(reference the Pioneer Square Preservation Board in the subject line)

To submit a paper copy, please address:

Genna Nashem
Pioneer Square Preservation Board Coordinator
Seattle Department of Neighborhoods
P.O. Box 94649
Seattle, WA 98124-4649

For more information, contact Genna Nashem at (206) 684-0227.


The Pioneer Square Preservation District is one of eight historic districts managed by the Historic Preservation Program of Seattle Department of Neighborhoods.

The City of Seattle is committed to promoting diversity in the city’s boards and commissions. Women, persons with disabilities, sexual and gender minorities, young persons, senior citizens, persons of color, and immigrants are encouraged to apply.

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Join the Conversation on Housing Affordability & Livability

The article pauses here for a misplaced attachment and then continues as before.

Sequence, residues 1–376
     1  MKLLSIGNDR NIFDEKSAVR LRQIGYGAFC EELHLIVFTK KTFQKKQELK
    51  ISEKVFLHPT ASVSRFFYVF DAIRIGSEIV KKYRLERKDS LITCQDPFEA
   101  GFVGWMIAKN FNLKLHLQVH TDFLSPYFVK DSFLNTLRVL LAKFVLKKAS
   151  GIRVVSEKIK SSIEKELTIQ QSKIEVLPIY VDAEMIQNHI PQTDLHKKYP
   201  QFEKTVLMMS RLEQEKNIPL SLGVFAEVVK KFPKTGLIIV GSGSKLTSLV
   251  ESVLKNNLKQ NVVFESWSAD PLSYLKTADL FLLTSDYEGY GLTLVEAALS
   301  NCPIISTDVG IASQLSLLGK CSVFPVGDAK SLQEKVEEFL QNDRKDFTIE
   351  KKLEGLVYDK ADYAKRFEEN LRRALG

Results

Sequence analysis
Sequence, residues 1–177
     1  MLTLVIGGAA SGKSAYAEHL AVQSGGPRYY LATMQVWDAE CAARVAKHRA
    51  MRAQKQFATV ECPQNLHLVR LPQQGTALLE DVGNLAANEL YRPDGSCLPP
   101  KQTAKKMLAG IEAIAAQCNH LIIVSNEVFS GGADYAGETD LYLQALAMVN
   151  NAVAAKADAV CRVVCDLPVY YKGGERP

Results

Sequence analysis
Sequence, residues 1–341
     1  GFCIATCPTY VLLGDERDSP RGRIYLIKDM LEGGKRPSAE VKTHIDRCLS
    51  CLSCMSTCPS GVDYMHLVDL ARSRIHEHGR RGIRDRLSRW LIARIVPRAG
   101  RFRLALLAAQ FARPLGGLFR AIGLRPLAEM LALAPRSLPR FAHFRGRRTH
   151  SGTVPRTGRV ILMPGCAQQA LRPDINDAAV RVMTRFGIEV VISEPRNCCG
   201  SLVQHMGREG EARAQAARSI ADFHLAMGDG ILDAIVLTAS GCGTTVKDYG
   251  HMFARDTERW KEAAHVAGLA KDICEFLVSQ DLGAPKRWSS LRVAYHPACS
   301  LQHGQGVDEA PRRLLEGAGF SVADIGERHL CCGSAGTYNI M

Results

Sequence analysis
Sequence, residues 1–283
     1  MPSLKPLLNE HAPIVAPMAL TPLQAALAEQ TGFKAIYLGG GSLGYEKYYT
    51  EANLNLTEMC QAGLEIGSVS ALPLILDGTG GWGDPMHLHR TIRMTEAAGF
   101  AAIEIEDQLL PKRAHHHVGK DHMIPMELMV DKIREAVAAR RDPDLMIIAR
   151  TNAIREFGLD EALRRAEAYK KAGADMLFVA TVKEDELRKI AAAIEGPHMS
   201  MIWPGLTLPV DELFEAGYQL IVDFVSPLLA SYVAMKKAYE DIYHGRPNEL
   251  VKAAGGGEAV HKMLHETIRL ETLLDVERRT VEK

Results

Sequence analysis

HALA Focus GroupIn the last five years, rents in Seattle have increased 35% and the homeless population is nearing 3,000.

“We are facing our worst housing affordability crisis in decades,” says Mayor Murray.“My vision is a city where people who work in Seattle can afford to live here.”

The Housing Affordability and Livability Agenda (HALA), is a set of strategies intended to address this crisis from all sides. The City is relying heavily on public input to take these strategies from ideas to practice and would love to hear from you.

The HALA Team has a cool online conversation called “Consider it” (https://hala.consider.it/) where you can weigh in alongside your neighbors and engage in dialogue around the City’s HALA proposals. When you go to the site, you’ll see a list of topics where you can view the proposals and read others’ comments. If you want to participate in the conversation, you’ll be prompted to create an easy log-in. The HALA team will be adding ideas to the site and looking for folks to return and check in as new topics are added. The City is committed to listening to the community and using the feedback it hears to shape the policies and practices of HALA.